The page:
Posted October 12, 2011 Atlanta, GA
Communications and Marketing
What began as a student-organized, citywide conference last fall has since become one of Tech’s newest student organizations, and the group hopes to inspire fellow Tech students to use their skills and talents to solve social problems.
Enterprise to Empower (En2Em) seeks to educate, enable and engage students in social entrepreneurship, no matter what corner of campus they find themselves immersed in study.
“There’s a need not only for students to think more innovatively and entrepreneurially, but also to think more about the social impact they can make,” said Melissa McCoy, founder and president of En2Em and a student in chemical and biomolecular engineering. After working abroad during the spring of 2010 in Chile for SQM, a metallic mining company, McCoy found herself inspired to educate and engage fellow students in social entrepreneurship. En2Em offers education, career development and venture incubation services focused on social innovation.
“Students don’t think entrepreneurially or socially because they don’t see exit strategies from college in these realms,” McCoy said. She hopes to bring a wider understanding of social entrepreneurship to all of Tech; last year, En2Em hosted the Institute’s first Social Enterprise Career Fair, bringing organizations to campus such as Teach for America, The Carter Center and the Georgia Center for Nonprofits.
“While our organization has a social focus, we want to help all entrepreneurially minded students and perhaps introduce them to the idea of applying their creations to developing markets or in a socially-oriented way.” En2Em works with organizers from the InVenture Prize, Business Plan Competition and Ideas 2 SERVE to provide support to students already interested in these events. “We want to push students to think longer term with their ventures — rather than it being a nice project to put on their resume, we want them to think they can change the world with this.”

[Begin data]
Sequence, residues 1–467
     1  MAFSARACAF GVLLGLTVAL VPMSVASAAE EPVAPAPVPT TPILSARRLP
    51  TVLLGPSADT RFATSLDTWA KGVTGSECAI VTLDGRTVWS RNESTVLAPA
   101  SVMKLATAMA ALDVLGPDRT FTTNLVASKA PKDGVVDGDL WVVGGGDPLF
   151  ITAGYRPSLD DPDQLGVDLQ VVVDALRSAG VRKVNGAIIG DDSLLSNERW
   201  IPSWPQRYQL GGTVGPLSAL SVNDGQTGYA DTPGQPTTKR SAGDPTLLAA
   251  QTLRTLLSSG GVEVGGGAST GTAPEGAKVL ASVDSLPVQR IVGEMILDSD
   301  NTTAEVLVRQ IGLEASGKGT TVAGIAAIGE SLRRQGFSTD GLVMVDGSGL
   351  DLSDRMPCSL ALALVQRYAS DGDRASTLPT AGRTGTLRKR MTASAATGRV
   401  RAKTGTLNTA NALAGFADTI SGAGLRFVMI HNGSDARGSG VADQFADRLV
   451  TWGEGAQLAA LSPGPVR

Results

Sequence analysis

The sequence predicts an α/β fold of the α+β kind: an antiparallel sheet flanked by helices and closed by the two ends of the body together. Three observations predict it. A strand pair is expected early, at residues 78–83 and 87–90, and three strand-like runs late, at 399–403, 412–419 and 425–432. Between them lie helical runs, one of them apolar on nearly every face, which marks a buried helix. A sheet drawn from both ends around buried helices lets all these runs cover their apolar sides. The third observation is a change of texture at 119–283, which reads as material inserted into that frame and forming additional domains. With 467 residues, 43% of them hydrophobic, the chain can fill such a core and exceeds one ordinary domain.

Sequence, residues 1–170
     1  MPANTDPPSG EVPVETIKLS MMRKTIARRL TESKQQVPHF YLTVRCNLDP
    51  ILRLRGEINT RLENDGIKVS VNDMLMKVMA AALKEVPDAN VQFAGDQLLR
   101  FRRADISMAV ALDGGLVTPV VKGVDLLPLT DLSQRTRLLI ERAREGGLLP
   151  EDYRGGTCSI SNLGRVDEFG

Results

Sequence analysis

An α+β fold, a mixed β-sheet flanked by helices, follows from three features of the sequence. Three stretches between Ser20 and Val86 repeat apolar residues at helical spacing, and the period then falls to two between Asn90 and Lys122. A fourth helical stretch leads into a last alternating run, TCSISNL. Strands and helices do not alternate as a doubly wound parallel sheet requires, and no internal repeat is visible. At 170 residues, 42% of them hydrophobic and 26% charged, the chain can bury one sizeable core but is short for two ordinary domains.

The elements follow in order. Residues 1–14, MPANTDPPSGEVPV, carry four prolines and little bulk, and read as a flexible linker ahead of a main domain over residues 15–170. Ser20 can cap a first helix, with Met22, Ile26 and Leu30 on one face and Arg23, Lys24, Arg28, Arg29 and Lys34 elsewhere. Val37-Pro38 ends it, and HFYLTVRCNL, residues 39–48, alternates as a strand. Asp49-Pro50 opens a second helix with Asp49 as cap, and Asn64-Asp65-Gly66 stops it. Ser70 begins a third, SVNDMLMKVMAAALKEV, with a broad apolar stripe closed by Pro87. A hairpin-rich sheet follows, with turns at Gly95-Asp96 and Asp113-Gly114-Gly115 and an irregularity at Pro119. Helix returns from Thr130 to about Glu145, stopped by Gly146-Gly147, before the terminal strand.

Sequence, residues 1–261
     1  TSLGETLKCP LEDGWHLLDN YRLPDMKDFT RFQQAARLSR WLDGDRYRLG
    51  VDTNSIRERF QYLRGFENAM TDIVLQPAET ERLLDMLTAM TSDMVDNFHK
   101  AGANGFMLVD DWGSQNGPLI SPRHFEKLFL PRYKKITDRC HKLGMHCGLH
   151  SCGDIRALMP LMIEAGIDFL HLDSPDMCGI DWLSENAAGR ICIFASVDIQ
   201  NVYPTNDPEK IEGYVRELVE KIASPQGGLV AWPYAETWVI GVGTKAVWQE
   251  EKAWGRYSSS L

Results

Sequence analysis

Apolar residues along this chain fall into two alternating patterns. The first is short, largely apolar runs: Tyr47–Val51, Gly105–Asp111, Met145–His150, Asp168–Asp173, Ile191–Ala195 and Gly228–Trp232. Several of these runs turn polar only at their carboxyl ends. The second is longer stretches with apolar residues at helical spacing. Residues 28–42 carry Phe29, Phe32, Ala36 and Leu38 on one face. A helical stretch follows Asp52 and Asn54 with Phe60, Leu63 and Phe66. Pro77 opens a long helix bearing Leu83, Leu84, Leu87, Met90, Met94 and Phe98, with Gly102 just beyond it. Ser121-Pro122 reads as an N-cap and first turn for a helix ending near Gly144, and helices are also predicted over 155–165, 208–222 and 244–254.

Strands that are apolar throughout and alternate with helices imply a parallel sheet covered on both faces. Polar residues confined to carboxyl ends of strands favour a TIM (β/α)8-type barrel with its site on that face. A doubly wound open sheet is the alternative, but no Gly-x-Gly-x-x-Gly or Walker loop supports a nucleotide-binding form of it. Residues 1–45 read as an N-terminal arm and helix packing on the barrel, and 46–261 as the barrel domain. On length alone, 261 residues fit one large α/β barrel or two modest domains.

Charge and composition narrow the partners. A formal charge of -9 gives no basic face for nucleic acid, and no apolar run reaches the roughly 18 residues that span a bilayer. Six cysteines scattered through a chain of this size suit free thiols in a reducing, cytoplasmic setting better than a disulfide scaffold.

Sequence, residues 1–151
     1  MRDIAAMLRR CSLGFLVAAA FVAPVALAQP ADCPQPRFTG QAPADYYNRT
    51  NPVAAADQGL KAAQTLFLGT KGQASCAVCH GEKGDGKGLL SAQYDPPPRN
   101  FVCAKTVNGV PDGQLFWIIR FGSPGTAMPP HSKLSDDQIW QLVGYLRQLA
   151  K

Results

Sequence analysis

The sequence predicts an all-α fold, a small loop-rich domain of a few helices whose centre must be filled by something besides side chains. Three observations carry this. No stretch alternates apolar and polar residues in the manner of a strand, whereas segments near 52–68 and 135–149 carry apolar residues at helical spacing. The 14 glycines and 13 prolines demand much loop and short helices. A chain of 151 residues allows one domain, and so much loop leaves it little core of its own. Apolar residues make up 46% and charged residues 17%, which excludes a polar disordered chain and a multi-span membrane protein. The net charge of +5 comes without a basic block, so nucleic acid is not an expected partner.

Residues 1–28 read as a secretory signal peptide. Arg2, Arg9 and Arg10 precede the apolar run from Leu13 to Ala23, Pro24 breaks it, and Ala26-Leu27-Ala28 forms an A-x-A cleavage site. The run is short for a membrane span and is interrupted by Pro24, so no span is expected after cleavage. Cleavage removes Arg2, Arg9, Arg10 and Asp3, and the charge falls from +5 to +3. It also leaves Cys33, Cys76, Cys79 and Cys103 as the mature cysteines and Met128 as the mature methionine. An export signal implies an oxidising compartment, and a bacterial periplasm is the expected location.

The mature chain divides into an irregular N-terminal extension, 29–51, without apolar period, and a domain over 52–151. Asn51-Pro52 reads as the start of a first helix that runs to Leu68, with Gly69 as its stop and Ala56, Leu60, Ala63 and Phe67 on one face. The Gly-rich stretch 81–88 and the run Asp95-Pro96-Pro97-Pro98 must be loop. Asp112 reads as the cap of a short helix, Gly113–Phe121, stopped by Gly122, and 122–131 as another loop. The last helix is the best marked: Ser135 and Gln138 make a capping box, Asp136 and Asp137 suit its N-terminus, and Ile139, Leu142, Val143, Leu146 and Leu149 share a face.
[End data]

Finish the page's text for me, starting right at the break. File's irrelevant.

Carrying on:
En2Em will support the University System of Georgia’s Social Business and Microcredit Forum being held at the Ferst Center on Oct. 17. Nobel Peace Prize winner Muhammed Yunus, considered to be the father of microcredit, will deliver a keynote address, and En2Em will assist in judging a student social business plan competition. Applications for the competition will be accepted through Friday, Oct. 14, with more details available online; winners will have the chance to dine with Yunus and competition judges.
Throughout the year, En2Em will host monthly Coffee and Conversation events, organize dinners with social entrepreneurs and lead case study projects. In the spring, the group plans to host a second Social Enterprise Career Fair and TEDxGT.
Students interested in learning more should visit en2em.org, where they can join a project, receive counsel on venture incubation or find out about upcoming events.